Cole’s description of RFK looking very tired and possibly being supported by two staff makes sense. The day before the election, Kennedy embarked on his most strenuous single day of campaigning. He traveled more than 1,200 miles, and hit each of the state’s three media markets. He rode in motorcades through clogged streets in Los Angeles, then flew north to San Francisco for a tour through Chinatown and the neighboring environs, and back down to San Diego for yet another long motorcade into the evening. He had been brought to the brink of physical collapse after eighty-five days of little sleep and non-stop campaigning. He had unleashed a very tactile street politics.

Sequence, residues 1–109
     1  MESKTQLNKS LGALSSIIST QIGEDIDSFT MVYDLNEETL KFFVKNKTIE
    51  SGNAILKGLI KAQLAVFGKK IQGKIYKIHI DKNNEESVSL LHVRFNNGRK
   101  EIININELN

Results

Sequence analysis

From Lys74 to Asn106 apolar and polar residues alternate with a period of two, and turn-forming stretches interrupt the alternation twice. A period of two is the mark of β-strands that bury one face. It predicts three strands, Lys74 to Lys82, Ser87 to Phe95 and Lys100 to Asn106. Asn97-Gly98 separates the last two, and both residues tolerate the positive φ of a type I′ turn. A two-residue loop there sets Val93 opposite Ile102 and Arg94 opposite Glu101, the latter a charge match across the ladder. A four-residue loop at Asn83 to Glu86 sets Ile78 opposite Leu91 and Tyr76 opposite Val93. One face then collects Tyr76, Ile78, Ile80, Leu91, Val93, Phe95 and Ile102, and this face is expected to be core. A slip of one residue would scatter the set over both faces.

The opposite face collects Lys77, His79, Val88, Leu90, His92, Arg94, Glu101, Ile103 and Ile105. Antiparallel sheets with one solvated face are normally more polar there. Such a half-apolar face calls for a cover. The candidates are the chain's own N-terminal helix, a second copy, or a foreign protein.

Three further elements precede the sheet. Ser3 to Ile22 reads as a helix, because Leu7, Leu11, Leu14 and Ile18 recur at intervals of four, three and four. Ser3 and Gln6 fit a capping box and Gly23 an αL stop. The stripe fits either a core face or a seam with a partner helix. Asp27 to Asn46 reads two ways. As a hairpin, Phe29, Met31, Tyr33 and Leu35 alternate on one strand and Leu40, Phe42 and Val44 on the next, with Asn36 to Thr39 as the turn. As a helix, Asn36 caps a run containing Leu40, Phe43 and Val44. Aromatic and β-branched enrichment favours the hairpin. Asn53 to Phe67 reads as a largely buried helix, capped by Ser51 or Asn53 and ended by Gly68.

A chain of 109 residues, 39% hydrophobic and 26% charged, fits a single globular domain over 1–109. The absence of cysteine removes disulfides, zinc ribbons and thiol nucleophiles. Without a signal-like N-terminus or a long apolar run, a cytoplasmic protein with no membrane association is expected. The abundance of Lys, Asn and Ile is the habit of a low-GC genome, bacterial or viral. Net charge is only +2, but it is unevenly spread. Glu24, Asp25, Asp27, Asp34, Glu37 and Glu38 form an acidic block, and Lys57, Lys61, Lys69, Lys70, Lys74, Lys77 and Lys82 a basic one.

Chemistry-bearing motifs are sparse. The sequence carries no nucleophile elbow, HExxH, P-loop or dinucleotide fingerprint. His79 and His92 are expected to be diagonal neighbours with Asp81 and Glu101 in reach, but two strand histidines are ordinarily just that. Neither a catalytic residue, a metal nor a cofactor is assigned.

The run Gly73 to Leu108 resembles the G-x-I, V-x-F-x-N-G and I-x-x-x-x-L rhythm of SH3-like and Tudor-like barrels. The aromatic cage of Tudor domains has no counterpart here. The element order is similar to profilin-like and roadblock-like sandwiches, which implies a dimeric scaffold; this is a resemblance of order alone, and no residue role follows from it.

‘Everyone appeared exhausted’
That may have also explained Cole’s description of a “strange type of quiet.” Everyone appeared exhausted.
Edward Clay said he remembers getting this crazy idea to catch a ride in the motorcade and become a part of the excitement. He had convinced his neighbor, Ronald, to follow him and they were both lifted up by Kennedy staff members as the motorcade stopped and allowed RFK to greet Councilman Lindsay.
Clay laughs as he describes their final destination: “It was Victory Baptist Church, and I had just been banned from the church by Rev. A.A. Peters for horseplaying during a school program held at the church called “Religious Relief.” I think Rev. Peters would refer to me as a ‘Black demon’ based on my behavior.”
“His face went flush when he saw me as one of the two kids in the truck wit RFK,” Clay remembered.